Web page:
Redesigned regional community nursing service showcased nationally

How nurses from Rotherham Doncaster and South Humber NHS Foundation Trust (RDaSH) are putting community nursing in the spotlight to showcase their work on a national level.

Community nurses from Rotherham Doncaster and South Humber NHS Foundation Trust (RDaSH) are putting community nursing in the spotlight as part of a national showcase of their work to overhaul the service they offer being presented by NHS Improvement.

Community nurses from Rotherham Doncaster and South Humber NHS Foundation Trust have found a change in the range of complex needs of patients. iStock

The trust began looking at how the community nursing service could be improved in 2014. ‘We felt it was time to change our service and move it forward,’ says RDaSH head of nursing Melanie Gibbons. Main drivers for the nurse-led changes included the increased pressures on district nursing.

‘Staff were a lot busier than they had historically been,’ says Ms Gibbons. There had also been a change in the range of complex needs of patients.

Improving the service

Previously, the community nursing service was divided into three separate services – district nursing, community matrons and community integrated care teams.

‘All were working separately. The nurses in each team were not linking up or liaising with nurses across other teams, which led to duplications,’ explains Ms Gibbons.

The first objective was to merge the three strands into one 24/7 community nursing service. To facilitate this new way of working, a number of initiatives were introduced. In the first instance, a single point of access (SPOA) for all referrals into the service, staffed by trained call handlers, was introduced. In addition, clinical nurse telephone triage was bolted onto the SPOA.

70 million

The expected population of the UK by mid-2027

The senior triage nurses are able to quickly determine the appropriate response level and timeframe for patients to be seen by a nurse. They also provide advice and consultations over the telephone if patients require support without the need for a visit.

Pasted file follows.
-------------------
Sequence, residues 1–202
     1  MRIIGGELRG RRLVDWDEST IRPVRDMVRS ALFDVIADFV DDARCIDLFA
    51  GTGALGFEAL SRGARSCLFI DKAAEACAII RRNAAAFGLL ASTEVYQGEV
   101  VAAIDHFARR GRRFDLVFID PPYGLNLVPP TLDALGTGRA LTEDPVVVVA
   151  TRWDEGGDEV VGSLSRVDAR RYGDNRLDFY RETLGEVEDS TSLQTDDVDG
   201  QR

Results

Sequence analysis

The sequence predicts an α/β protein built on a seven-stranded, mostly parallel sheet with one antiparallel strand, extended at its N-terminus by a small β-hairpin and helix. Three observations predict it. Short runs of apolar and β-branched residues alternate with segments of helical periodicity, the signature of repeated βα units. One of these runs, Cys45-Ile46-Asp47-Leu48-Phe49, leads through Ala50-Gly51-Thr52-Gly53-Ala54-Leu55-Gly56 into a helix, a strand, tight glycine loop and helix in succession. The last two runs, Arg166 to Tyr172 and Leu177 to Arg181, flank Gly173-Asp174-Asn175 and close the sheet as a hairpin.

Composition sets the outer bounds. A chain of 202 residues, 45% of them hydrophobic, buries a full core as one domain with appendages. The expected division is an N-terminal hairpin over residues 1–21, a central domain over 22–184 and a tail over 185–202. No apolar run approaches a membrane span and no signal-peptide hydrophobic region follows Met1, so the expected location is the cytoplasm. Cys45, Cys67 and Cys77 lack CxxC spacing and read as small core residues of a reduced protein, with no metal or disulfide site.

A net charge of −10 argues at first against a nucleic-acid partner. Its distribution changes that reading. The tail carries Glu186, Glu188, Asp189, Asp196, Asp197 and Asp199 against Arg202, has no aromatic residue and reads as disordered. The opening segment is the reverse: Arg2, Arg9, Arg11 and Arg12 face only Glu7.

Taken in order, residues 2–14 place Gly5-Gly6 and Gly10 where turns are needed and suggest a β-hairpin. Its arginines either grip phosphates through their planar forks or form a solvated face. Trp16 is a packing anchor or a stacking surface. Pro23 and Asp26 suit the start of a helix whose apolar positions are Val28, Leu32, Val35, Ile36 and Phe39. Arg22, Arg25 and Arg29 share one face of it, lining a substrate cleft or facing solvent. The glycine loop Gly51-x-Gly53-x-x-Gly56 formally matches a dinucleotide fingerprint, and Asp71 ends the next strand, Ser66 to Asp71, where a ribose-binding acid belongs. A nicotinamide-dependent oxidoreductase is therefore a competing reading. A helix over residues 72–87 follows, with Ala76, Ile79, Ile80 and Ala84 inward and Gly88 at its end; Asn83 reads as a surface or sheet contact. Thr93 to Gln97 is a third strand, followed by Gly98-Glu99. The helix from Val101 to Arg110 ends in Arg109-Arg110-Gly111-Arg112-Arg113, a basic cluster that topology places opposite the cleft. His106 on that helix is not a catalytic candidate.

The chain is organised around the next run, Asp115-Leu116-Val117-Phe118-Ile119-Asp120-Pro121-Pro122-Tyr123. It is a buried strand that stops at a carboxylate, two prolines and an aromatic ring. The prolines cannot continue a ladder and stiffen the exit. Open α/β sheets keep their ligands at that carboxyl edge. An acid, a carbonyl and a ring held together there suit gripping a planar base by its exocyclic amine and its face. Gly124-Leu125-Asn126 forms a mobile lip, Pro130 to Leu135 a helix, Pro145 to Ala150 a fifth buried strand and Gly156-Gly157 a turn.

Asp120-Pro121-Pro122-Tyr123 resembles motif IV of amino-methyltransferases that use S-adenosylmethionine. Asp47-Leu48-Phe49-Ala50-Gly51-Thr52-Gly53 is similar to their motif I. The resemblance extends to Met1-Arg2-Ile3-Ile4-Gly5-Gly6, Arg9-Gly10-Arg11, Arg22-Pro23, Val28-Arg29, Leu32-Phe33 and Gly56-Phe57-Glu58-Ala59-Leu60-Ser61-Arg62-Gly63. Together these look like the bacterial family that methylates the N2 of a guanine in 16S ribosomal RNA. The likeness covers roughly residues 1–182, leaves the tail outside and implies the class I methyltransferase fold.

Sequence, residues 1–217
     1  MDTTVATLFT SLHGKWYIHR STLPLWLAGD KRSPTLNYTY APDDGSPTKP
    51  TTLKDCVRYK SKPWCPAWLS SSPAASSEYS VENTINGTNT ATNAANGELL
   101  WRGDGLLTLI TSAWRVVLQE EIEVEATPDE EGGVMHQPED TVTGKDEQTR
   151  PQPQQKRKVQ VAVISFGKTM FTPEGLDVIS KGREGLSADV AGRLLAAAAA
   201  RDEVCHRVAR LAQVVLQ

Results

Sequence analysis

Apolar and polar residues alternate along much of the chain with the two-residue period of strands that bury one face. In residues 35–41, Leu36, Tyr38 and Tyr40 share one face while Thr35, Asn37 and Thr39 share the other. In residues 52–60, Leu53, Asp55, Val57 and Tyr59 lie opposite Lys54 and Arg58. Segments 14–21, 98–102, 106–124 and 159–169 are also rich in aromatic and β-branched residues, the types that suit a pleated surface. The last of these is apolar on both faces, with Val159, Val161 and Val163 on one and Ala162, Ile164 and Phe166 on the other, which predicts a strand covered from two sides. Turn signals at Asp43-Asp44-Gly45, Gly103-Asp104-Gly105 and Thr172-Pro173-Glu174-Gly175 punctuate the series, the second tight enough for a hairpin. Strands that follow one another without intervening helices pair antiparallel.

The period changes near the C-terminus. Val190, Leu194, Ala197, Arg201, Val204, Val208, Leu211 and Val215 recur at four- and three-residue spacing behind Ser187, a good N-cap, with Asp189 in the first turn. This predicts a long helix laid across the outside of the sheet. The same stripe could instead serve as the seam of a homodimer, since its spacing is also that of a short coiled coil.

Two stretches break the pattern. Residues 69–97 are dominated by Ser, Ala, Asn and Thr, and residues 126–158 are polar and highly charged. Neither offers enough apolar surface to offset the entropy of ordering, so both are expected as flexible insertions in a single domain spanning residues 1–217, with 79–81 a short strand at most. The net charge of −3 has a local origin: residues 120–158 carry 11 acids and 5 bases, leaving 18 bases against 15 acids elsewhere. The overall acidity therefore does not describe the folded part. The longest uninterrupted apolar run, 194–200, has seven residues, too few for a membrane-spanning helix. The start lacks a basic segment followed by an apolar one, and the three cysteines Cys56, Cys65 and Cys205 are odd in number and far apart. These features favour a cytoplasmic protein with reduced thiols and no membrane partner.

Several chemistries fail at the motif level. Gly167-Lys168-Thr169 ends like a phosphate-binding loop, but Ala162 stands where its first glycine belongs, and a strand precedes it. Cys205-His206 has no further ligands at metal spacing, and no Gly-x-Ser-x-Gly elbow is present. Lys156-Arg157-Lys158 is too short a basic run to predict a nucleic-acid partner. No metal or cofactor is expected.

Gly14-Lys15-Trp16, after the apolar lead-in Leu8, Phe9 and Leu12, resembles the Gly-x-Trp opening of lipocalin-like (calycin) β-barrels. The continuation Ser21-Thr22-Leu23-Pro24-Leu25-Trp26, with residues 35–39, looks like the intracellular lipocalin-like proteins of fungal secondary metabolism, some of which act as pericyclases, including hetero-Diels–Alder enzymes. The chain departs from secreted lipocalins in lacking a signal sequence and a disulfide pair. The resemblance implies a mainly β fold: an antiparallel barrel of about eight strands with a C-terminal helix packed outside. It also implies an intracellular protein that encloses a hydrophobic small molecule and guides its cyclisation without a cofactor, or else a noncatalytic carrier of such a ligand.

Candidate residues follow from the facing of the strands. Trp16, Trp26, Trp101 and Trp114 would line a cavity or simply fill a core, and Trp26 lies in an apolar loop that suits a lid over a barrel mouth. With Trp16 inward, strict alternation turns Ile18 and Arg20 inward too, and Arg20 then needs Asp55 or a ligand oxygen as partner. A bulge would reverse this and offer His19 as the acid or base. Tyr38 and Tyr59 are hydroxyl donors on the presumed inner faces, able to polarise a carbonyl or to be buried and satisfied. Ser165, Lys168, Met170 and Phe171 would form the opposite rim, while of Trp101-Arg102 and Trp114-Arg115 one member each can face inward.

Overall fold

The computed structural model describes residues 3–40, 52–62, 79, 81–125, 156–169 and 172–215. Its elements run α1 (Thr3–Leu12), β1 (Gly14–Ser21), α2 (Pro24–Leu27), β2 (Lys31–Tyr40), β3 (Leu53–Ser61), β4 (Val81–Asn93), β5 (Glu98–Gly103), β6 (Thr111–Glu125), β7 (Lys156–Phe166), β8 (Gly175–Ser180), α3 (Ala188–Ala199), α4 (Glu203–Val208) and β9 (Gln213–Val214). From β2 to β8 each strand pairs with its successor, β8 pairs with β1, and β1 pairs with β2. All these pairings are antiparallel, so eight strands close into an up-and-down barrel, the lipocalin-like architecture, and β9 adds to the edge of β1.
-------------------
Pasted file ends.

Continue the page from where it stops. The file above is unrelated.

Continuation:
Split care teams

Community nursing teams were split into unplanned or planned care. The unplanned care community nurses see patients on a reactive basis. Patients can be seen as an emergency (up to two hours response), urgent (four-hour response) or as same-day response. The unplanned care teams have received training in a number of areas to ensure they can provide a wider range of care, says Ms Gibbons.

‘We recognised that we needed the unplanned care nurses to work differently to how they had been. We need staff to be confident and competent in a range of areas such as end of life care – something that had always been the district nurses’ bread and butter.’

More than 1 in 12

of the UK population is projected to be aged 80 or over by mid-2039

The district nurses work seven days a week from 8.30am to 5.00pm as part of the planned care teams. ‘The unplanned rapid response approach prevents the district nurses from seeing any additional patients,’ says Ms Gibbons. ‘We wanted to protect their time.’

Additionally, a caseload case management model was introduced, which aimed to maximise continuity of care between general practices, care homes and the community nursing teams. Complex care practitioners also form part of the planned care teams. Formerly known as community matrons, the practitioners specialise in assessment, diagnosis and treatment. Within the planned care teams, all band 6 nurses and above have received nurse-prescriber training.